Climatic Change

, Volume 67, Issue 2–3, pp 329–343 | Cite as

Sequestration of a Biologically Labile Organic Carbon in Soils by Humified Organic Matter

  • Allessandro PiccoloEmail author
  • Riccardo Spaccini
  • Rolf Nieder
  • Joerg Richter


In a long-term (one year) experiment, a sandy Podzol and a silty-loamy Loess soil were treated with labile (polysaccharides, AG) and stable (mature compost, CMP, and two humic acids from compost, HAC, and lignite, HAL) organic matter and the organic carbon (OC) lost by mineralization was periodically evaluated. The stable materials alone induced a significant reduction of OC losses in Podzol CMP <, HAL, <, HAC, Control), whereas the same treatments, except for CMP, produced an OC loss larger than control in Loess. This was attributed to the diverse textural and physical status of the two soils. The added stable organic matter became protected in the Podzol soil within the aggregates formed by the interaction with the coarse inorganic phase, while it was more easily decomposed in the Loess soils due to the strength of the native humic-clay complexes. In both soils, when the stable organic materials were mixed with polysaccharides (AG), the OC losses from this labile fraction were significantly reduced, being CMP more OC sequestering than HAC and HAL, in the order. These results confirmed that labile organic matter in soils can be protected from biodegradation by repartition into the hydrophobic domains of the stable, humified organic matter. This study suggests that mature compost and humic acids may usefully integrate management practices aimed to sequester organic carbon in soils.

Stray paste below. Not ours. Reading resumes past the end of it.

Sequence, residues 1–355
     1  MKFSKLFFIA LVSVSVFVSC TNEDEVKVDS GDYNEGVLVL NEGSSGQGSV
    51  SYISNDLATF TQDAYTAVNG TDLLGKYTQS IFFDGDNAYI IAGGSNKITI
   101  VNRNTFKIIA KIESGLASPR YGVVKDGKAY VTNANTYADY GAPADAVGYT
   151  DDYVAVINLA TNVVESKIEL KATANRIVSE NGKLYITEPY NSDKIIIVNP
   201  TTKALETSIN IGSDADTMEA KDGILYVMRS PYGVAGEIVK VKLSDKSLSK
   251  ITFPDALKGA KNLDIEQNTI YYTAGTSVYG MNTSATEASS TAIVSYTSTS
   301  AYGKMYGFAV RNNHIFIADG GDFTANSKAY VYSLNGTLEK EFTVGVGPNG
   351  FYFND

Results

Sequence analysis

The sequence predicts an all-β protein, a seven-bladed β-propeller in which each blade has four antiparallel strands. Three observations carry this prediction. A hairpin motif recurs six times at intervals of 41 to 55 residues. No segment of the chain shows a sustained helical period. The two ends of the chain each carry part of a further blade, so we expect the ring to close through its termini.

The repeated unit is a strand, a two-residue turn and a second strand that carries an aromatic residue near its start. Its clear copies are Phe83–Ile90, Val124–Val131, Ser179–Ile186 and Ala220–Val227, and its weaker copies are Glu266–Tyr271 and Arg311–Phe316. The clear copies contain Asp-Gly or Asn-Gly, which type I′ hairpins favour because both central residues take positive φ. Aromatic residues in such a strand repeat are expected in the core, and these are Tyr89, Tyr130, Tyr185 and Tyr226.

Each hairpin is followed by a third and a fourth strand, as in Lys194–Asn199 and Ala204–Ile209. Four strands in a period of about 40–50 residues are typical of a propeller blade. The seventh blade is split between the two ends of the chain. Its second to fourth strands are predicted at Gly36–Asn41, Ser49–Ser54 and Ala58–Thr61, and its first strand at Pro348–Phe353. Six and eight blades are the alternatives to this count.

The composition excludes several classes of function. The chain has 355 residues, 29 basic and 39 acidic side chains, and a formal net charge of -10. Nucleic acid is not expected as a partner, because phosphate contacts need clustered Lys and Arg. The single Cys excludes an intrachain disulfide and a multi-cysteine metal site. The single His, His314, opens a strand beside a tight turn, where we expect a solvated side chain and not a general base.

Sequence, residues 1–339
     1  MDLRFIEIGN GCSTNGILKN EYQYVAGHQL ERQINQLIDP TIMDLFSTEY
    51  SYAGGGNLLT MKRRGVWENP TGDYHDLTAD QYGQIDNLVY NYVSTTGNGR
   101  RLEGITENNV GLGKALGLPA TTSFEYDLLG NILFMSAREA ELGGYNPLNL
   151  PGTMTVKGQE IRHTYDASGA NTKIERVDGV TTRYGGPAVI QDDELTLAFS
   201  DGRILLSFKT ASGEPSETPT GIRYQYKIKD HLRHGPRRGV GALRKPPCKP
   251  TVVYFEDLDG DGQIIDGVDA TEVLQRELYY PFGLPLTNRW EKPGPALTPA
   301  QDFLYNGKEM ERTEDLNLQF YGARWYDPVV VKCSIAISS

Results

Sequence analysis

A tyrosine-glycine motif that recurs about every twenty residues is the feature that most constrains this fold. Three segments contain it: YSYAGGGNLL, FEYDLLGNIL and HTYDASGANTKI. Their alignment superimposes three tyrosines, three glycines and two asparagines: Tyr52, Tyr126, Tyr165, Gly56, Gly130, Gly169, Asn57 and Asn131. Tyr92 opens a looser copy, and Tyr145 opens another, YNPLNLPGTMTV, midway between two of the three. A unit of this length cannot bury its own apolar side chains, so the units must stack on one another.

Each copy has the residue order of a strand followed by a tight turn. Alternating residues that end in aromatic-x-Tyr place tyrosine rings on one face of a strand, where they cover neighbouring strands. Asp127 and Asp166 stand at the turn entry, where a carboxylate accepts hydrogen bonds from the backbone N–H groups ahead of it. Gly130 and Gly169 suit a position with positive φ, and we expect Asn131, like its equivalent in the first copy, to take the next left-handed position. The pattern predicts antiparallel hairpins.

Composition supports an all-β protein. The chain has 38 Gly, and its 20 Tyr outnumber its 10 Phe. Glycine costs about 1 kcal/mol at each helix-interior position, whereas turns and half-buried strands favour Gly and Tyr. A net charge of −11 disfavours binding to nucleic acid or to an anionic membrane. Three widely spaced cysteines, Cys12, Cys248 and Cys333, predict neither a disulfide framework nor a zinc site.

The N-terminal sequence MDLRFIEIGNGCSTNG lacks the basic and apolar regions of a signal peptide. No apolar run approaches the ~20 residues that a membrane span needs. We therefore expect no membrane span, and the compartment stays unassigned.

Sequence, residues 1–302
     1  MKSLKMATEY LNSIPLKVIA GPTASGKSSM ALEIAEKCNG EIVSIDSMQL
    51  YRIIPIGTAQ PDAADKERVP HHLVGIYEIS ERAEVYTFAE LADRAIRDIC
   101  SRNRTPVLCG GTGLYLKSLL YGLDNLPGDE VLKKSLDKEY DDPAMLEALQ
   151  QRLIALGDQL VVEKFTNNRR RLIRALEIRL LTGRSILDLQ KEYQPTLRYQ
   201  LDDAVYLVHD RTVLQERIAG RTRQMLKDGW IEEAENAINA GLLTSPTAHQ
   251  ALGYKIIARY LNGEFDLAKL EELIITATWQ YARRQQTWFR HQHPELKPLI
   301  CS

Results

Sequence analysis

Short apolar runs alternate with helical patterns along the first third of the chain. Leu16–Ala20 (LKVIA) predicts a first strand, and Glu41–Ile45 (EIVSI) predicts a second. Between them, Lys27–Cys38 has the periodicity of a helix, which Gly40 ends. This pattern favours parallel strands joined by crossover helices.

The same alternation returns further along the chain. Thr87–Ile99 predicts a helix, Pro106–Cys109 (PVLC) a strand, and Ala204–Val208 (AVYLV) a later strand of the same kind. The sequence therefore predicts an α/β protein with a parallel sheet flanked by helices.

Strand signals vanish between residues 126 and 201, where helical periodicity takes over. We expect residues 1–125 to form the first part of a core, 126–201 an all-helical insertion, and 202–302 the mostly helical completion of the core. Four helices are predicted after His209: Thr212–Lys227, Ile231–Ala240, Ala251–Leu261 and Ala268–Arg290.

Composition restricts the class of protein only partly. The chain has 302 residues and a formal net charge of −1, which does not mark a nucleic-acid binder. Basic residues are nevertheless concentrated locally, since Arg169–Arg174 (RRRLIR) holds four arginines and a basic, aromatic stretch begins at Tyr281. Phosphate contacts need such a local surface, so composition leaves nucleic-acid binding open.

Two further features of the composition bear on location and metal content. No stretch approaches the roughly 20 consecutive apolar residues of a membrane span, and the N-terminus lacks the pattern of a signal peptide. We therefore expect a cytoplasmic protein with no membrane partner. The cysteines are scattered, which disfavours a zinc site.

Organic Matter Polysaccharide Organic Carbon Biodegradation Humic Acid 
These keywords were added by machine and not by the authors. This process is experimental and the keywords may be updated as the learning algorithm improves.


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Copyright information

© Kluwer Academic Publishers 2004

Authors and Affiliations

  • Allessandro Piccolo
    • 1
    Email author
  • Riccardo Spaccini
    • 1
  • Rolf Nieder
    • 2
  • Joerg Richter
    • 2
  1. 1.Dipartimento di Scienze del Suolo, della Pianta e dell’AmbientePorticiItaly
  2. 2.Institute of Geoecology, Technical University of BraunschweigBraunschweigGermany

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